The scorecard also displays variants of the VC3 where the score is calculated for the selected company compared to peer companies in the same industry, industry group, or sector.

Please note that we use Book-to-Market instead of P/B since it allows a more accurate sorting than P/B. Stocks with a high B/M are at the top of the list, and stocks with a negative B/M are at the bottom. For the same reason, we use Earnings-to-Price instead of Price-to-Earnings and Cash flow-to-price instead of Price-to-cash-flow.

Also important is that we always make sure that companies with the same score get added to the same percentile. For stock universes where the number of stocks is less than 100, we make sure that the stocks are still allocated to percentiles from 0 to 100 instead of 0 to the total number of stocks. This is particularly relevant for the industry, industry group or sector variants where if additional filters are used, the number of stocks often drops below 100.

**New!** The VC3 score is now fully dynamic and is calculated on a filtered stock universe using the filters specified in the Filter Menu. The filters taken into account are: countries, markets, industries, market cap, trading value, results age and currency.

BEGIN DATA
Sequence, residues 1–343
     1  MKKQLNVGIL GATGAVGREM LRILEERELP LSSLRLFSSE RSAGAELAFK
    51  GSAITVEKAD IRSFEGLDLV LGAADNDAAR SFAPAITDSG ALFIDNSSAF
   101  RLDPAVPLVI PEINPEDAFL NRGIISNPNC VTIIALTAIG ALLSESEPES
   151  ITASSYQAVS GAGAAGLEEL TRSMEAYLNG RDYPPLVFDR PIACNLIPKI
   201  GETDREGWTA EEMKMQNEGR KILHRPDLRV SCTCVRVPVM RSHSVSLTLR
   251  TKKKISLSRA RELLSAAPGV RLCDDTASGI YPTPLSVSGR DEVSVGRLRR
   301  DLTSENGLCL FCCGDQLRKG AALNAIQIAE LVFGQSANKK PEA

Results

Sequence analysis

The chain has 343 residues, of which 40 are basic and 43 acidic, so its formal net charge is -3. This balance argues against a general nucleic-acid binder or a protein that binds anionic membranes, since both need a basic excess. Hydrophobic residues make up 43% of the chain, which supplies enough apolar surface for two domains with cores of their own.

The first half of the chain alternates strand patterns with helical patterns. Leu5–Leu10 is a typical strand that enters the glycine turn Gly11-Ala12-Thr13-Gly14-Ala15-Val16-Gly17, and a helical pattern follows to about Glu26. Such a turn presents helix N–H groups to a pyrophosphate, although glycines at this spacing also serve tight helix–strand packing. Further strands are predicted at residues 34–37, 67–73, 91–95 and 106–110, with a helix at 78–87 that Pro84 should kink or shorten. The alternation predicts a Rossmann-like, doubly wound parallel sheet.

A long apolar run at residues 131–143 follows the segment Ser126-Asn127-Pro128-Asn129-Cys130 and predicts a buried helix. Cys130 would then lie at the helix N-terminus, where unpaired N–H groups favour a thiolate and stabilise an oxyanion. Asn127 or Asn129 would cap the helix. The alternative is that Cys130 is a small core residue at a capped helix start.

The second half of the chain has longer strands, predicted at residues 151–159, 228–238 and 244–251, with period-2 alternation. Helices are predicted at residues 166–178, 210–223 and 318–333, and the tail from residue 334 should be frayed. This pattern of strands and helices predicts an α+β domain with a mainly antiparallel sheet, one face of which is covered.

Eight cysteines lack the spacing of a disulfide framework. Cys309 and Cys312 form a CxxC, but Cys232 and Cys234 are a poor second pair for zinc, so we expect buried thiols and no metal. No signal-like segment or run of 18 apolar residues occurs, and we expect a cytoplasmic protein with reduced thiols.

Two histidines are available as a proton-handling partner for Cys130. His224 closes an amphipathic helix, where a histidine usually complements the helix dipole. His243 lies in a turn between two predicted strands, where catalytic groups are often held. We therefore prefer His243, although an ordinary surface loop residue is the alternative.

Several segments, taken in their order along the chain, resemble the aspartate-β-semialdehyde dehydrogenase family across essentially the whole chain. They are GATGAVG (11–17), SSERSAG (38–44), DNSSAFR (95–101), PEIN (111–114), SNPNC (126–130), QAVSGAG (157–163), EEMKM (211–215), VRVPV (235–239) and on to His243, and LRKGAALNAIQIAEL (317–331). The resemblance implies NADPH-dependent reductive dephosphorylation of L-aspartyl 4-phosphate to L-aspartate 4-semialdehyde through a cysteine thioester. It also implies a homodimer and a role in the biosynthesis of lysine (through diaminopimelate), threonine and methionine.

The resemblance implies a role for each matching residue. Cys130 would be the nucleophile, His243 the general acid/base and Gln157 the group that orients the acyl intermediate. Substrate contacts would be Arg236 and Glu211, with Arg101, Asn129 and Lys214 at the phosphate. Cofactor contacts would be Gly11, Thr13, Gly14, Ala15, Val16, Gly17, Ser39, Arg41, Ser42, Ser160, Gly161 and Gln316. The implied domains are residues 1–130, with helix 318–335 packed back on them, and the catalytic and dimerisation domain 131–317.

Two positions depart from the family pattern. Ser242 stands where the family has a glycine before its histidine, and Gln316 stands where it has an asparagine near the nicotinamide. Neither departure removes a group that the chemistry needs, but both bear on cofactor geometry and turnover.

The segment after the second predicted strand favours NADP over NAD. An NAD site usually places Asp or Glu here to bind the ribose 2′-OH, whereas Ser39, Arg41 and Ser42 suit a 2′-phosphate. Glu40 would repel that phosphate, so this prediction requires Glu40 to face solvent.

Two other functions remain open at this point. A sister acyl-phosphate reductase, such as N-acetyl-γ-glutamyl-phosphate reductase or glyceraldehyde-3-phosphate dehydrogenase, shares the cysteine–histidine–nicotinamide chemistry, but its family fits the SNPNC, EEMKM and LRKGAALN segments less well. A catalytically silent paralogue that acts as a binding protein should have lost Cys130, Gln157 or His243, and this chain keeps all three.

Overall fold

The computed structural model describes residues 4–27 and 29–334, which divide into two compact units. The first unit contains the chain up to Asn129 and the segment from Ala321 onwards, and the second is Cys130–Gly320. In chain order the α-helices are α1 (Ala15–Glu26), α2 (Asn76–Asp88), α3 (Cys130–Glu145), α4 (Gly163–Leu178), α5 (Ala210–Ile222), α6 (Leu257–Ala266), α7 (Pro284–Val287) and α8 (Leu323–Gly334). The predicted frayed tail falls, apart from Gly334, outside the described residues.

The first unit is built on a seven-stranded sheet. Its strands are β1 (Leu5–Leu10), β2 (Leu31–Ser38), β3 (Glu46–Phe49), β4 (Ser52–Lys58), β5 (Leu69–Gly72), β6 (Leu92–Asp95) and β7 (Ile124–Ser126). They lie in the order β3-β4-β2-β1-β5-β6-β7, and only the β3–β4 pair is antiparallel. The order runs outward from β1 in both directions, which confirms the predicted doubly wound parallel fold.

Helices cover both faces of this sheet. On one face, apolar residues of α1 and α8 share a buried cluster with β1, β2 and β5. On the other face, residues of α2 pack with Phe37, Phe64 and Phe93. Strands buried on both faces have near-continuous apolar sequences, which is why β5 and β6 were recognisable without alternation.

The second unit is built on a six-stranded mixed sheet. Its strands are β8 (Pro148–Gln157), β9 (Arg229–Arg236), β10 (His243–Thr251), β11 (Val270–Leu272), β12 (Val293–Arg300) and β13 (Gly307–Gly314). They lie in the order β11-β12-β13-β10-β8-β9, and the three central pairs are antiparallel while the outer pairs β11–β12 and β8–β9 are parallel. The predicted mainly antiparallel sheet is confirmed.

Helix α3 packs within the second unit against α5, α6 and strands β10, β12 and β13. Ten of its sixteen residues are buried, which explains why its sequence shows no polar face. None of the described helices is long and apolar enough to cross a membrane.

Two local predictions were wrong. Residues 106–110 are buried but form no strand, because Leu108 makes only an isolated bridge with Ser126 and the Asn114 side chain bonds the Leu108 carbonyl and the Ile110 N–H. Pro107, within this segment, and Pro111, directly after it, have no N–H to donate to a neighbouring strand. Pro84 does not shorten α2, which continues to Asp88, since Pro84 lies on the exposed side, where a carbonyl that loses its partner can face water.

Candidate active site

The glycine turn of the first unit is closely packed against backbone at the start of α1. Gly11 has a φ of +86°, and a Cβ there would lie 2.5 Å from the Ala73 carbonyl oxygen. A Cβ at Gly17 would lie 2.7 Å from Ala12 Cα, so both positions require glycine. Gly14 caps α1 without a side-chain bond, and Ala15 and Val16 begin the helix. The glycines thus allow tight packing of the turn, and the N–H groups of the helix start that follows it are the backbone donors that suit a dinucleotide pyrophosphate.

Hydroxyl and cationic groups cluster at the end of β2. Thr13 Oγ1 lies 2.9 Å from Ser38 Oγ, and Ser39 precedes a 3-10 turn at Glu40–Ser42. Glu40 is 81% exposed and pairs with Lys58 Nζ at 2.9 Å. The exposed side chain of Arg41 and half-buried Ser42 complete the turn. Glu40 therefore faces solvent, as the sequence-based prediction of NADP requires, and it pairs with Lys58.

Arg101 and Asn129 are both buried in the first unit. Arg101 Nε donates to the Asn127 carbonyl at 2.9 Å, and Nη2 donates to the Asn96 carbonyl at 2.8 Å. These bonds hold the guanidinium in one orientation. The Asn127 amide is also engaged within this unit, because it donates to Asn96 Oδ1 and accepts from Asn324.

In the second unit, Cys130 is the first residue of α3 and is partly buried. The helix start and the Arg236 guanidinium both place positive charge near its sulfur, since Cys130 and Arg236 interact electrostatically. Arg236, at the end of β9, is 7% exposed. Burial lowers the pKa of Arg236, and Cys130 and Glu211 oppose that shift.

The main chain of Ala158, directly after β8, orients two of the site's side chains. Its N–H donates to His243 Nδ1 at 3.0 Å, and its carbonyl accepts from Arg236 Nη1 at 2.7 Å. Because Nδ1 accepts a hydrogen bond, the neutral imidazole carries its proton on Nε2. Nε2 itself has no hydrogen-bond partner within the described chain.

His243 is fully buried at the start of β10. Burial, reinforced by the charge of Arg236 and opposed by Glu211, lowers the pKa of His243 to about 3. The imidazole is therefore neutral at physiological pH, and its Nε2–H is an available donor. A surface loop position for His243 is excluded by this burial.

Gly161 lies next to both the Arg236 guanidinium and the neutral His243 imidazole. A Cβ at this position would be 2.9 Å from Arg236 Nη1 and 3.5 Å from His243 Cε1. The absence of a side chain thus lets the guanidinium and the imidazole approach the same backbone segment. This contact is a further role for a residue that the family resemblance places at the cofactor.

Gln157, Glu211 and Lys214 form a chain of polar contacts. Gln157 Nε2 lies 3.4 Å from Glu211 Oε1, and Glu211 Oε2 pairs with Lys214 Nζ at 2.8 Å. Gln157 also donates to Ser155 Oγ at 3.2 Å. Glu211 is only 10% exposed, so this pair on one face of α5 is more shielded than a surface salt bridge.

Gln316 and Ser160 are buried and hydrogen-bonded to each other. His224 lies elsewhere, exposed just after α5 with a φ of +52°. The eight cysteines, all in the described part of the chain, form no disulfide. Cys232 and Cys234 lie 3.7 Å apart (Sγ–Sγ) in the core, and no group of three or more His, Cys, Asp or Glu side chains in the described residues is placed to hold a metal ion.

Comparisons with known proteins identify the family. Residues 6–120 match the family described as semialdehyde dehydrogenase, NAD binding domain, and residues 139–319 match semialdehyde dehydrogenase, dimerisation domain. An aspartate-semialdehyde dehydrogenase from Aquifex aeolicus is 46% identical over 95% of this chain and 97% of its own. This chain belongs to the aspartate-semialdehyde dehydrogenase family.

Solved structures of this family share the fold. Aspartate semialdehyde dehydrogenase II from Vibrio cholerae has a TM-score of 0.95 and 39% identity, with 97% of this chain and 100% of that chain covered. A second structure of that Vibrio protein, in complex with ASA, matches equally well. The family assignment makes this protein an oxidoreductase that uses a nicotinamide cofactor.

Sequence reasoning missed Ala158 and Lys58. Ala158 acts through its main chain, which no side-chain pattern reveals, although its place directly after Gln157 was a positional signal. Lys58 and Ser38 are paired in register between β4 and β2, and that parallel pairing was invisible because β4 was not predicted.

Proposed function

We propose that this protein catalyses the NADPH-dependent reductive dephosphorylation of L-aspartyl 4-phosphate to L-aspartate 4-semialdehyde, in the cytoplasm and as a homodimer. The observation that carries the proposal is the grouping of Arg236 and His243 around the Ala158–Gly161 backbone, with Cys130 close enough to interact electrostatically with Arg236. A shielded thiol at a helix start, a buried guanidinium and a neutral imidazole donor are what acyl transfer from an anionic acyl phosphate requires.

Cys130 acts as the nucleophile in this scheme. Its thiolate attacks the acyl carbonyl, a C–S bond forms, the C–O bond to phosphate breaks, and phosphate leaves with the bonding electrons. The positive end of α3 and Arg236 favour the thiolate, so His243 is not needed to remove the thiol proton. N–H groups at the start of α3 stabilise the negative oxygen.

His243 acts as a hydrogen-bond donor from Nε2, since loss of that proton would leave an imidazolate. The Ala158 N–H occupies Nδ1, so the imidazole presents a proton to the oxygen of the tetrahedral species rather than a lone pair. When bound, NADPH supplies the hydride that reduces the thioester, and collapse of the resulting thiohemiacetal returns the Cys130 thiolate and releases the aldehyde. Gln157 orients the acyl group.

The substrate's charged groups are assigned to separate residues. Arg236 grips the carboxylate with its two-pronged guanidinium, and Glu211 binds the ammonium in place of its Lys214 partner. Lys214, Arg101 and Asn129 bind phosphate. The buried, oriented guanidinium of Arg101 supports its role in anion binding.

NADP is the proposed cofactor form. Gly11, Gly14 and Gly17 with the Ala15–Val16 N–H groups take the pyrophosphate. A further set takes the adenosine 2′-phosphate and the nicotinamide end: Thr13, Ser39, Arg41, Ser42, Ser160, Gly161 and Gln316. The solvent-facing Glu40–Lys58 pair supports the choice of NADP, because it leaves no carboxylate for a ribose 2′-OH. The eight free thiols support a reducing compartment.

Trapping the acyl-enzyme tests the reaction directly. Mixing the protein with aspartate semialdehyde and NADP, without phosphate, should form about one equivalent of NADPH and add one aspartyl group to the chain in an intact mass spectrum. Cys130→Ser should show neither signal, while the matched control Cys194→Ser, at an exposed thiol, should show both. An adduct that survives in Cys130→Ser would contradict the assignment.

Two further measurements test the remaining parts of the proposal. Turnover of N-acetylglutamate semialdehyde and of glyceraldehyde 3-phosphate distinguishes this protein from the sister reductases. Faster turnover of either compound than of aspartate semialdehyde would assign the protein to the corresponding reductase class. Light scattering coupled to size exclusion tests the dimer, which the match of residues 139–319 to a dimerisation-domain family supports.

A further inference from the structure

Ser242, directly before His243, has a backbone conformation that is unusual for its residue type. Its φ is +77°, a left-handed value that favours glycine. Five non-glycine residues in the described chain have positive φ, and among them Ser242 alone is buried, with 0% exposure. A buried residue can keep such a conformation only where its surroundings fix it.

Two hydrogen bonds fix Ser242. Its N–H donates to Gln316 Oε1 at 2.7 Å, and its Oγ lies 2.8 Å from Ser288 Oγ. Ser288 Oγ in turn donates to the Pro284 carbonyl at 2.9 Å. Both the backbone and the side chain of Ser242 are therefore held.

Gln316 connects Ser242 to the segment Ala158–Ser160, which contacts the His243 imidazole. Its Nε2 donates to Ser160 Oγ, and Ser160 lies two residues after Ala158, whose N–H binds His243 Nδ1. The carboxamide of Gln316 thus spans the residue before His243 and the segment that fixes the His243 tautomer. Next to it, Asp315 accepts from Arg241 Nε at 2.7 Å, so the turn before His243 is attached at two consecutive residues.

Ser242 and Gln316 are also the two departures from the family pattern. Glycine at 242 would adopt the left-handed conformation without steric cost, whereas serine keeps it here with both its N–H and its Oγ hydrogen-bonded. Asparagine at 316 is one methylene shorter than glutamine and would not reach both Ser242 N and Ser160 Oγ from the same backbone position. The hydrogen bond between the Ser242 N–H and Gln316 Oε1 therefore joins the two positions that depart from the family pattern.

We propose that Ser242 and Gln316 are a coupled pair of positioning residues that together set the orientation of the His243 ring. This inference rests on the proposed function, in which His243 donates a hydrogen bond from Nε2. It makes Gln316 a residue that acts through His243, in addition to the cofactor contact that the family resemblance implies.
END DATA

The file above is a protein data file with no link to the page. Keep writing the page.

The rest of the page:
The F-Score was designed by Joseph Piotroski, a professor in accounting at Stanford University, and is used to identify companies for which the prospects are improving. It's the sum of 9 binary scores based on profitability, funding and operational efficiency. It looks at simple things such as: 'has the company made more profit than last year?' (+1 point) but also: 'is the company cooking the books by adjusting accruals?' (0 points). By using 9 points, he was able to get enough signals to determine whether the company was improving or not.

The f-score is the sum of 9 binary scores in 3 categories:

**Profitability**

**ROA**- Return on Assets: Net income before extraordinary items divided by total assets at the beginning of the year. 1 if positive, 0 if negative.**CFO**- Cash Flow Return on Assets: Net cash flow from operating activities (operating cash flow) divided by total assets at the beginning of the year. 1 if positive, 0 if negative.**ΔROA**- Change in Return on Assets: Compare return on assets to last year. 1 if it's higher, 0 if it's lower.**ACCRUAL**- Quality of earnings (accrual): Compare cash flow return on assets to return on assets. 1 if CFO > ROA, 0 if CFO < ROA.